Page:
The community response levels that we are all now too familiar with are designed to inform the public and businesses about how to behave to reduce transmission of the virus. These response levels have an impact on the way we do business, but they are NOT designed to respond or direct the way specific HEALTH SERVICES work. You will recall that as the community response level dropped from Alert Level 4 to Level 3 there was no significant change in the advice for health service delivery.
This can cause confusion for our general practice teams. In all alert levels general practice is an essential service and practices will be open. However, appointments will be conducted online or by phone where possible. Patients can see a doctor or nurse in person if required.
During the 2020 Level 4 lockdown there was a significant drop in core activity such as immunisation and cancer screening that is likely to have caused additional morbidity, and mortality. We need to learn from this event and ensure we deliver the most important services as safely as possible whatever the Alert Level.
If the prevalence of the disease increases in your community then you may not be able to differentiate between the "amber" and the "red" patients - the amber stream may need to be closed down.
If services get overwhelmed you may need to reduce access to core services - If this happens please let us know and we will support you to find help for your patients if we can.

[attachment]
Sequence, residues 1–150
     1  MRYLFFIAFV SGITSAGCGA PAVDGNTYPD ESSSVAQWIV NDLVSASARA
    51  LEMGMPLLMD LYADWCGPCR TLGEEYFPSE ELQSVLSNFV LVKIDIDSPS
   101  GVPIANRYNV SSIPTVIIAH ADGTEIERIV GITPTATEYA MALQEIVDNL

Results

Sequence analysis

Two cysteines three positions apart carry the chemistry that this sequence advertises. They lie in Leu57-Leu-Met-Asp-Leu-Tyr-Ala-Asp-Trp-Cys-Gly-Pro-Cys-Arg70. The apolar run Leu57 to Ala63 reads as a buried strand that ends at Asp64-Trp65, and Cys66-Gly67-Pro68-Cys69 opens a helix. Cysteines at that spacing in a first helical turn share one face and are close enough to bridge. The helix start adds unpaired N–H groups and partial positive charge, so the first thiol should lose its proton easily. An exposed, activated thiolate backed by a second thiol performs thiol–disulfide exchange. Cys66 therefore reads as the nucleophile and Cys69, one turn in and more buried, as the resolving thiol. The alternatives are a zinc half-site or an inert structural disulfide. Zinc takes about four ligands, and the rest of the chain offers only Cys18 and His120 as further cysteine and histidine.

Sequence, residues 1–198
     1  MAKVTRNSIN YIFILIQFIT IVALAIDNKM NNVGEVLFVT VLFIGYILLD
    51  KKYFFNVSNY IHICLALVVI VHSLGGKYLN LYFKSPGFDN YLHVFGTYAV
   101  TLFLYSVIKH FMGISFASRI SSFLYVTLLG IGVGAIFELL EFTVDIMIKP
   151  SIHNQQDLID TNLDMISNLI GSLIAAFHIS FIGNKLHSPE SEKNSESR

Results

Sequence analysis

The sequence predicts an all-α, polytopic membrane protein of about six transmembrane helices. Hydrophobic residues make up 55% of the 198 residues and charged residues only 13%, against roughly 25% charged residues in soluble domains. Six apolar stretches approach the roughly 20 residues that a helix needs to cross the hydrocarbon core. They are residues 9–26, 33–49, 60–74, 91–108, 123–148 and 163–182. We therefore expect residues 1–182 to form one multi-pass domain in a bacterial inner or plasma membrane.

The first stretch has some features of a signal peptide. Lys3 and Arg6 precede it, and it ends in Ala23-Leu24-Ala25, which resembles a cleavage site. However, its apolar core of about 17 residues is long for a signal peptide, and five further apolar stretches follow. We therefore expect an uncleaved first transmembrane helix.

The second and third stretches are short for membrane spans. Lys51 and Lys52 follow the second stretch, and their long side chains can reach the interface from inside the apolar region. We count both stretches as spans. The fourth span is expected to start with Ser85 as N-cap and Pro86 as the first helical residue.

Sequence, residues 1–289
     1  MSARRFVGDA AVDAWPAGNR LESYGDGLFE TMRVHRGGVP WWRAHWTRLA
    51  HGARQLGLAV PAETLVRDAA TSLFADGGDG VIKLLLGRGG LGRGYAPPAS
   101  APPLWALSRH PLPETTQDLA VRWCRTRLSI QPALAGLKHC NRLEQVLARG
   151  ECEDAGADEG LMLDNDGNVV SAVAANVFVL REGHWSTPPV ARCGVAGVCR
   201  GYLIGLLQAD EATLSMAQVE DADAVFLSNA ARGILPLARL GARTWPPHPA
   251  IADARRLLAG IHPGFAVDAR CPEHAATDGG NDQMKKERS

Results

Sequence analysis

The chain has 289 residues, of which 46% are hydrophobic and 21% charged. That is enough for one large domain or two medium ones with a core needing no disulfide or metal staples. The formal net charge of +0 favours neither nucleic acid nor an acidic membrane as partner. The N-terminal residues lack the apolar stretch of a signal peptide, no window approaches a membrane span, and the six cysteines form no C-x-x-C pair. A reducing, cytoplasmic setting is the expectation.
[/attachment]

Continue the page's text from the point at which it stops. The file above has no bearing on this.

If your service is under stress contact Dr Jo Scott-Jones, email@example.com.
The Ministry of Health has advised that the temporary COVID-19 waiver for signatures on prescriptions from systems that are not fully integrated with New Zealand ePrescription Service (NZePS) has been extended until 21 September 2021 to allow them to be updated.
The Ministry of Health has confirmed there is no centralised advice or support for travellers, but there are some generic guidelines. Different airlines, countries, businesses, universities and schools overseas will have different requirements. Private COVID-19 testing is available in all districts, contact your lab for guidance on availability and processes.
Our local leads are available for questions, concerns and advice.
Jan Adams, Nursing Director
021 904 460
Jo Scott-Jones, Medical Director
027 475 0488